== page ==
<br>Quite often it is the woman who has to bear the brunt of sacrificing her career post marriage and subsequently childbirth. In today's age, issues like renewing career, providing maternity benefits and child-friendly workstations or facilities for working mums are of importance.
Women make up 48 percent of the Indian population but have not benefitted equally from India's rapid economic growth. Sixty-five percent of women are literate as compared to 80 percent of men. India has among the lowest female labour force participation rates in the world, says a report by World Bank Group published last year. Female child mortality is still a grave concern, with over 239,000 girls under the age of 5 dying each year.
“About 40 per cent of working mothers want to quit jobs to raise their kids,” noted a survey conducted by ASSOCHAM under the aegis of its Social Development Foundation. At the study conducted, ASSOCHAM Social Development Foundation had interacted with a total of about 500 working women including 200 working mothers in 10 cities of Ahmedabad, Bangalore, Chandigarh, Chennai, Delhi-NCR, Hyderabad, Jaipur, Lucknow, Mumbai and Pune during the course of the past fortnight to gauge their career related goals. A whooping 80 out of 200 respondents who are working mothers quoted motherhood and lack of quality time being spent with family were the primary reason to quit jobs.
At such a crucial juncture, what will it take to give a much-needed push and bolster women to return to career's post motherhood or even start a career is they hadn't before?
“My suggestion to women who want to get back to work is three-fold: Look for a role that excites you, and one in which your mind will stretch and learn new things. The personal cost of balancing work, life and children is tough, and beyond the very important role of financial independence, our jobs and careers nourish our minds and imaginations. Many women leave jobs, or struggle to keep them, after becoming mothers because boring jobs, or ones in which they are not growing, don't seem worth the effort, if you are fortunate enough financially to have a choice not to work,” believes Shreyasi Singh, Co-founder and CEO, Harappa Education.
Along with getting a strong picture of current skills and ambition which is required to sustain in a specific industry, a holistic approach of looking at the situation and evaluation will help a long way, say experts. This includes getting a strong understanding of your own skills and ambitions. What do you really want to do? What could help you get to the long-term future you can see for yourself?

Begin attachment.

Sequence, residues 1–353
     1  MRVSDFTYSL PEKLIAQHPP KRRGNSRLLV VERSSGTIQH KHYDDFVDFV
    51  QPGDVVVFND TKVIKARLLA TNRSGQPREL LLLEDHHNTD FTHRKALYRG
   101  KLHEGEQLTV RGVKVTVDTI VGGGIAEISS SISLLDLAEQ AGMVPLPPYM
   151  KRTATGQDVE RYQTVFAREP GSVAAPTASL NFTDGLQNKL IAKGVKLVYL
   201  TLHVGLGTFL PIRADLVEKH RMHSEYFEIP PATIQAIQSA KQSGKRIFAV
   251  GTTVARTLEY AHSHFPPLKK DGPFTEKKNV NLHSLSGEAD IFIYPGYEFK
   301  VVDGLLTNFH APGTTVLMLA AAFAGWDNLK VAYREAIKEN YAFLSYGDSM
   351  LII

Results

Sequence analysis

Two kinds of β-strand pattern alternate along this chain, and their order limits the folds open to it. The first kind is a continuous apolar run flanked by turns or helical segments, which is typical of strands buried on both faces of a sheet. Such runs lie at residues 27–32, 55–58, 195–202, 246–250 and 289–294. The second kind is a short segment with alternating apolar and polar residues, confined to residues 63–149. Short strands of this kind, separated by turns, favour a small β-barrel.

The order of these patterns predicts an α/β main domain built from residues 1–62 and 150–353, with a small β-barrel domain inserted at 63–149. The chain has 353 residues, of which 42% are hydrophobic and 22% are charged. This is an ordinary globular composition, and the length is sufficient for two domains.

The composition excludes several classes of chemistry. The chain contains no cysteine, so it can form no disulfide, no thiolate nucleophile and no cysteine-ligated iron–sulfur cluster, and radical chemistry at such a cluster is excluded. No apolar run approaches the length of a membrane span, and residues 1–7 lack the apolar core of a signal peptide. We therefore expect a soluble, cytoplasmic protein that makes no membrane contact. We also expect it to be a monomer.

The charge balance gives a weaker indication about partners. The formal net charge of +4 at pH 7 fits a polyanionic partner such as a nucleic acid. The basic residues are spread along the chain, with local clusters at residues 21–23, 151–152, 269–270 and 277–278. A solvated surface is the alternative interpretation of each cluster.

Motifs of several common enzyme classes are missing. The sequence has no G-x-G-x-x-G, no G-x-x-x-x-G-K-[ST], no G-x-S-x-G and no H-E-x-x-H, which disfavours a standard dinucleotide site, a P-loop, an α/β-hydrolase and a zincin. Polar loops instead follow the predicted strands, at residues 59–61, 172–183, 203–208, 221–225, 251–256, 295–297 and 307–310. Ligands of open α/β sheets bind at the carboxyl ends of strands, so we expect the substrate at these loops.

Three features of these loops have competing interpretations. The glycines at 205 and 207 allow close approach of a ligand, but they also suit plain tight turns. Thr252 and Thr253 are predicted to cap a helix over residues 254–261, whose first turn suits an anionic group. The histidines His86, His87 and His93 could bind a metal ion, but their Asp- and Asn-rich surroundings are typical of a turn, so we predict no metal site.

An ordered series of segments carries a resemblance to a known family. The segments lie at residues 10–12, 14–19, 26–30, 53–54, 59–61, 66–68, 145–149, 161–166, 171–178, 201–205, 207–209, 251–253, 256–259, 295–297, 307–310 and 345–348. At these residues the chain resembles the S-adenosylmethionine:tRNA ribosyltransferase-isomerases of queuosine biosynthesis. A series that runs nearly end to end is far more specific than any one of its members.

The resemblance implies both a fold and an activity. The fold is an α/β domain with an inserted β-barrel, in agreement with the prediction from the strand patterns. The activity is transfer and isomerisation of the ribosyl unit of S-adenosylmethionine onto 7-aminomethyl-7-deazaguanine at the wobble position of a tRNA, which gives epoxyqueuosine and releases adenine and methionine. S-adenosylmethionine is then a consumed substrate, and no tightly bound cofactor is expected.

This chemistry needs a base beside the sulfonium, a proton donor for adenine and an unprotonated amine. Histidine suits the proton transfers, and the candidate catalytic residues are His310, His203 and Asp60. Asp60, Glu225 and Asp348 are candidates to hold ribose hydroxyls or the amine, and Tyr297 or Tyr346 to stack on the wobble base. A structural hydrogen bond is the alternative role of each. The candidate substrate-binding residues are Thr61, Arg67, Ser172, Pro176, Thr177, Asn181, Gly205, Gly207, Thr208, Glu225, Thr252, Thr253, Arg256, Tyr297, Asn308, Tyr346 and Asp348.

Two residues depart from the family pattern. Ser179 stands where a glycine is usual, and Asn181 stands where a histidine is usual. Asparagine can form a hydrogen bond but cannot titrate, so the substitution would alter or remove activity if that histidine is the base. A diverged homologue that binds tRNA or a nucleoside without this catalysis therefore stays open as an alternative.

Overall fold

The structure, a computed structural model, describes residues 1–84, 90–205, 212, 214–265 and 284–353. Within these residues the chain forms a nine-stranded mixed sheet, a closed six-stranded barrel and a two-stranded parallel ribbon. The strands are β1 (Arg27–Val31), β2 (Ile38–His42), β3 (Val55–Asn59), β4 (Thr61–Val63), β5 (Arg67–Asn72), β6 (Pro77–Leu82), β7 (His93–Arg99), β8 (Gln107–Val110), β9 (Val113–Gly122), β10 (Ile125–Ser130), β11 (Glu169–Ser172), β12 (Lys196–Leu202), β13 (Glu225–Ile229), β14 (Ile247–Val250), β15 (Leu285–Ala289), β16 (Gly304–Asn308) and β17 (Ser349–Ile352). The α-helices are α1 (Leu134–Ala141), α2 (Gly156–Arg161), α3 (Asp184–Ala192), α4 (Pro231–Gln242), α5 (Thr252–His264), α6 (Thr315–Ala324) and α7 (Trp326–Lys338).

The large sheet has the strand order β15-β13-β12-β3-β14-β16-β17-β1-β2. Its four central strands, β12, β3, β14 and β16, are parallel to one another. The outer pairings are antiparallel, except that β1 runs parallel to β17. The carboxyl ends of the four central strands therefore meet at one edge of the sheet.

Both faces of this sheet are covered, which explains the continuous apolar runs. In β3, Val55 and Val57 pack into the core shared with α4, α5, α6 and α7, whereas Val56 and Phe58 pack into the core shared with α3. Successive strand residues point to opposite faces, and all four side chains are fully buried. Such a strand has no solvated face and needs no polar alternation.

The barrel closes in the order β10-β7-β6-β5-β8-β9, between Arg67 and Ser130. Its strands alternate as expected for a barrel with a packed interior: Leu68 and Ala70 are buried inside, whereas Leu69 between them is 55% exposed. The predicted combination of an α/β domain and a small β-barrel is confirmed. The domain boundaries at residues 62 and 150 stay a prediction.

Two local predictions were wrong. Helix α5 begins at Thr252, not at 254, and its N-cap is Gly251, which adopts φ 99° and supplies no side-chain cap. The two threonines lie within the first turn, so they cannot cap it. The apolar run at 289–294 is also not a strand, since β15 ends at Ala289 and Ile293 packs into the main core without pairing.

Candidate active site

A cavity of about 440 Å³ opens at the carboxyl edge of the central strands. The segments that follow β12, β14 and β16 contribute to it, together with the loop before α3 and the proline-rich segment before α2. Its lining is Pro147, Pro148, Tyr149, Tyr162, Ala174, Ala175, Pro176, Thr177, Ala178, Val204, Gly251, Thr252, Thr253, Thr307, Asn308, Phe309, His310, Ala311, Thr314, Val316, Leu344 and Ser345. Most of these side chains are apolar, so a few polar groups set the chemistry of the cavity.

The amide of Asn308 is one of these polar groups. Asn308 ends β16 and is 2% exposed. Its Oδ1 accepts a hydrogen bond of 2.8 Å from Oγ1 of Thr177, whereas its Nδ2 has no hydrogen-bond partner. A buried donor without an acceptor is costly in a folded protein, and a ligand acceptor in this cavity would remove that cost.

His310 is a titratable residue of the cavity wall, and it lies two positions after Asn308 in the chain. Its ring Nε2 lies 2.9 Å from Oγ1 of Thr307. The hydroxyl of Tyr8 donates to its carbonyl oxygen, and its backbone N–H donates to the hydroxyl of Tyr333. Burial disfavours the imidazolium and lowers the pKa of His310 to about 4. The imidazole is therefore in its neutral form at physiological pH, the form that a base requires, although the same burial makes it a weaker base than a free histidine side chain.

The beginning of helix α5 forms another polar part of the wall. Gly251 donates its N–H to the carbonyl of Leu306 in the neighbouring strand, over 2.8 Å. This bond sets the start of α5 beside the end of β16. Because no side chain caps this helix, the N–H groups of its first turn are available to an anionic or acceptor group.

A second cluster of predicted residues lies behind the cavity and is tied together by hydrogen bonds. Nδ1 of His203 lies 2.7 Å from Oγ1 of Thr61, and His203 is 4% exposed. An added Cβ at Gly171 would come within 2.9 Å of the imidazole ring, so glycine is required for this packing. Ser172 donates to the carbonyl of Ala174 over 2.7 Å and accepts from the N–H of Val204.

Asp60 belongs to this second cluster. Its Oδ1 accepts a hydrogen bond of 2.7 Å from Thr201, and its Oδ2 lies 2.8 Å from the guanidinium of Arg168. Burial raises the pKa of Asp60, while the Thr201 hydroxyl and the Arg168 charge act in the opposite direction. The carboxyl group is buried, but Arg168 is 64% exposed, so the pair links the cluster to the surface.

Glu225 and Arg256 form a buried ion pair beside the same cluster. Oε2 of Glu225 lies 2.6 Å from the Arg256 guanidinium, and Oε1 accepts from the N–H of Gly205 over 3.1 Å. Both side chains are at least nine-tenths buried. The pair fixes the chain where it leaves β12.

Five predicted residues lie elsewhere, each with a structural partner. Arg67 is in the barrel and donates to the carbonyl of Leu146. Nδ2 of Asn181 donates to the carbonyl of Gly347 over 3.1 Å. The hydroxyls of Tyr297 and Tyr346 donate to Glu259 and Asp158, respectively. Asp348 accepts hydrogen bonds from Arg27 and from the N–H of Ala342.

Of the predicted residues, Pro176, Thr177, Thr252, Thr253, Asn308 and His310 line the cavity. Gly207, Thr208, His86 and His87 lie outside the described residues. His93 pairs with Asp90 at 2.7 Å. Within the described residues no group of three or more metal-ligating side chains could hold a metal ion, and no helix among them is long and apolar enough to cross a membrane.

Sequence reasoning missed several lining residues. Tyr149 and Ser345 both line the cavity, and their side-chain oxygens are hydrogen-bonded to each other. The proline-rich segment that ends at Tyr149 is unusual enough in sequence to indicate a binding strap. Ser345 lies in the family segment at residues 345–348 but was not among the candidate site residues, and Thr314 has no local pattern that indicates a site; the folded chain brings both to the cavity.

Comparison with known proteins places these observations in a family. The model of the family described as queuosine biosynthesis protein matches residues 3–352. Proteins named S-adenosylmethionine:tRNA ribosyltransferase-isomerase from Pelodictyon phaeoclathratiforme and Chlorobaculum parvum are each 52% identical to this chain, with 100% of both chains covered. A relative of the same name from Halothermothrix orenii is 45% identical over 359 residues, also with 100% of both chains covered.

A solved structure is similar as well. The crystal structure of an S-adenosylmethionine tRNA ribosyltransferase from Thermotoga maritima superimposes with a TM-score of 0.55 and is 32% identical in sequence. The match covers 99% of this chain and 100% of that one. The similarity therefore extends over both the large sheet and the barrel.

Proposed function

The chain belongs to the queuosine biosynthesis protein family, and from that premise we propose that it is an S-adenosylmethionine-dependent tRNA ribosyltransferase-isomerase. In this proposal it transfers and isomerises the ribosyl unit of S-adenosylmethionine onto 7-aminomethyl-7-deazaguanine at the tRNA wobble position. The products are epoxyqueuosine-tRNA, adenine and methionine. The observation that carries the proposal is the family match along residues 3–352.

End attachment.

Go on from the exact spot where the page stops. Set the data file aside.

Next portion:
“Start somewhere, don't wait for the perfect job. Figure out your non-negotiable, if that's commute from home, compensation or the industry/role you want. Or, is it flexible time schedules? For example, the post-Covid work environment, especially remote WFH, can really be an important enabler for working mothers. Don't be afraid to suggest, now of all times, the schedule that might work for you. Now more than ever, employers won't judge you. This can actually be a good time to experiment, especially if you didn't love the job you were in before. Keeping an open mind and stepping out of your comfort zone can be very powerful enablers in this phase,” adds Singh.
The lockdown necessitated by the spread of COVID-19 has disrupted the normal life of people all around the world. While the situation is challenging for all, it specifically puts great demands on the women in the family, as they not only look after the work at home, but also at their respective offices.
It would not be an exaggeration to say that women are now doing two full-time jobs without even a weekend break. Indian women have always been multi-taskers and power-workers, balancing the needs of their family and job. Along with kids and family around in the same space, the work-life balance during the Covid-19 and amidst the lockdown has taken on a whole new meaning, agree experts.
“Managing kids, work and the household – within lockdown, and the anxieties on both personal life (health, lifestyle) and professional life (Working from home, anxiety about job), I have seen it manifest in my house, with my wife trying to navigate as a working woman, a mother and a wife. Stress is a natural consequence, and new experiences that can be tried out at home, can help counteract that. Be it working out as a family (with kids), or cooking as a family (encouraging kids to become little Masterchefs), or trying out online yoga – my wife has been at it since day one. Going through this experience has helped us/her assuage the stress effectively,” says Irwin Anand, MD, Udemy India.
We find ourselves looking to pick up new skills, whether it's gardening, a musical instrument, or drawing/coding with kids in part because being challenged the right way can be a new source of delight for everyone! The coming weeks and months will shape the “new normal” in the day-to-day life of women, and I hope everyone understands how hard it is for them, and to support them however possible,” adds Anand.
(Aditi Roy can be contacted at [email protected])